Along with her best friend, Raymond, and a new-kid-from-Chicago Cayden (whose inability to accept being locked in the gym with live leopards is honestly laughable). Ada leads a self-given quest to discover Oddity’s secrets while evading the invisible Blurmonster terrorizing the outskirts of town.

But when one of their missions goes sideways, revealing something hinky with the Sweepstakes, Ada can’t let it go. Because if the Sweepstakes is bad, then what happened to Pearl?

Why I like this book:

Sarah Cannon is an original voice in children’s literature with her debut novel, Oddity. Her impressively crafted story is clever, imaginative, quirky, and beckoning. I have never read anything like Oddity. Readers who enjoy weird, spooky and wacky, will be wild about this offbeat adventure and revel in its dark humor. Cannon’s world building is exceptional. And check out the gorgeous cover!

The characters are diverse, wacky and believable. Ada, Raymond and Cayden are devoted friends who conspire with zombie rabbits in pajamas and aliens, to investigate the suspicious disappearance of Ada’s twin sister.  The zombie rabbits and aliens are pranksters. They create a lot of chaos and crazy humor that provide comic relief and keep readers turning pages.

The plot is multi-layered, complicated and courageous. There is danger and the tension is palpable. With sinister puppets running the town, an invisible monster terrorizing the community, and another Sweepstakes approaching, the three friends and their sidekicks have a hefty mission to uncover the dark secrets Oddity is hiding and find Pearl. The ending is epic!

Sarah Cannon, author of Oddity, has lived all over the U.S., but right now she calls Indiana home. She has a husband, three kids and a misguided dog. Sarah holds a B.S. in Education. She’s a nerdy knitting gardener who drinks a lot of coffee, and eats a lot of raspberries. She is probably human. Visit Sarah Cannon at her website.

Greg Pattridge is the new host for Marvelous Middle Grade Monday posts on his wonderful Always in the Middle website. Check out the links to see all of the wonderful reviews by KidLit bloggers and authors.

The Unlikely Story of a Pig in the City by Jodi Kendall

The Unlikely Story of a Pig in the City

Jodi Kendall, Author

Harper Collins, Fiction, Oct. 3, 2017

Suitable for Ages: 8-11

Themes: Pigs, Animals, City Life, Gymnastics, Belonging, Family Relationships

Book Synopsis: Little pig. Big city. Lots of trouble. Josie Shilling feels invisible. Her family is too big, their cramped city house is too small, and her parents are always distracted.

Then, on Thanksgiving Day, her older brother, Tom, brings home a pink, squirmy bundle wrapped in an old football jersey — a piglet he rescued from a nearby farm. Her name is Hamlet.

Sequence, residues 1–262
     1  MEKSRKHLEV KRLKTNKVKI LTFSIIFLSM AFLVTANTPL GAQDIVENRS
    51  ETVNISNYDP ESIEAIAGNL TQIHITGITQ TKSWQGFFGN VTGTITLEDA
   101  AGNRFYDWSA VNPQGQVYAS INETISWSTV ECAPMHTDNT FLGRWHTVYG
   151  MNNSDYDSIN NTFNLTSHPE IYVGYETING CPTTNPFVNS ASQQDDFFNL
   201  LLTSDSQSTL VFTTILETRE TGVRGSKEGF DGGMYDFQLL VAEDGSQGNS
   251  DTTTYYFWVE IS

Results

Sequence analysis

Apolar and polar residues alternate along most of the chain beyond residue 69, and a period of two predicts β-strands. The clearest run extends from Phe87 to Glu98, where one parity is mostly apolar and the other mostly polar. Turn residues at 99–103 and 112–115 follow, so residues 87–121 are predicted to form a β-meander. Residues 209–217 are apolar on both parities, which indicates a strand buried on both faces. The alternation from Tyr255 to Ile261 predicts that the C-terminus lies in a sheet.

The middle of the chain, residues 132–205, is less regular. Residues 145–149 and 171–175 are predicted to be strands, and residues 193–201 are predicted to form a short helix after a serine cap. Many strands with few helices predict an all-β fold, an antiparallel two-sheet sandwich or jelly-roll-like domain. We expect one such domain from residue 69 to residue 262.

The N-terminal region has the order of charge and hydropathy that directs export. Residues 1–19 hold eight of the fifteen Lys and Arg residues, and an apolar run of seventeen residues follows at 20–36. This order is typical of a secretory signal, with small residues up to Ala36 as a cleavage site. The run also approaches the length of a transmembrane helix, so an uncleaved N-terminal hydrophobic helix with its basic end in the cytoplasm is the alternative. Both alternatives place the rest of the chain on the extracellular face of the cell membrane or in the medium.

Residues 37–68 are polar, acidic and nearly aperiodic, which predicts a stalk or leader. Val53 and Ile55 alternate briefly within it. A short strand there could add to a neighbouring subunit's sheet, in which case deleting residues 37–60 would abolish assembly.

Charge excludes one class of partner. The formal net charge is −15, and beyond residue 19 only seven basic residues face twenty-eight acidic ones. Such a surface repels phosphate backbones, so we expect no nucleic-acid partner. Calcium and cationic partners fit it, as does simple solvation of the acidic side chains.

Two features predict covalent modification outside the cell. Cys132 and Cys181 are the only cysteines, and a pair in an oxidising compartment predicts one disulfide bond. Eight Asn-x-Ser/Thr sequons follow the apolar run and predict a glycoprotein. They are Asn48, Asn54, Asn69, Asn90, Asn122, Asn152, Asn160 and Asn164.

The minute Josie holds Hamlet, she feels an instant connection. But there’s no room for Hamlet in the crowded Shilling household. And who ever heard of keeping a pig in the city? So it’s up to Josie to find her a forever home.

But taking care of Hamlet makes Josie feel special when she usually feels overlooked in a family with five children. And there’s something about Hamlet that reminds Josie of herself.

Why I like this book:

Move over Wilbur, Hamlet’s going to steal your heart. Jodi Kendall’s debut novel is a heartwarming and rollicking story about the unlikely bond between a girl and a piglet runt.  Her story is loosely based on her childhood experience of owning a pet pig and finding it a home.

Hamlet arrives in time to boost eleven-year-old Josie’s self-esteem and give her purpose. At home she feels unnoticed. At gymnastics Josie feels like a freakish giant when all she wants to be is a really great gymnast. Josie’s bond with Hamlet boosts her spirit and helps her find courage and determination.

Readers will enjoy hanging out with Josie, Hamlet and all the Shillings. There are her friends, Lucy from gymnastics, and the Three Stoops gang, who work together to create a plan for finding Hamlet a home. The clock is ticking, Hamlet is growing, and Josie and her friends have until New Year’s Day to find a home for Hamlet.

There is heart, connection, humor and unexpected plot twists. After all, Hamlet is a one smart pig who learns quickly to use a litter box, fetch a flying Frisbee, open the fridge door, and climb the bunk-bed ladder. Although this pig causes a lot of mayhem, he unites Josie’s family during some challenging times. Readers will cheer for Hamlet!  Verdict: It’s a winner!

Fans of this piglet story will be delighted to know that there will be a sequel in the fall of 2018. Visit Jodi Kendall on her website.

Resources:  The author has included a curriculum guide on her website for activities and classroom discussions.